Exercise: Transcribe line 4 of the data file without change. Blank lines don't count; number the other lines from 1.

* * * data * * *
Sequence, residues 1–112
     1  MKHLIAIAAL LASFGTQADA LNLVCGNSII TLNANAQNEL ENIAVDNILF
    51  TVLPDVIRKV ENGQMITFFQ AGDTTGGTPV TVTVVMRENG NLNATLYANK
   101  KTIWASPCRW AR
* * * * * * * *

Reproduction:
   101  KTIWASPCRW AR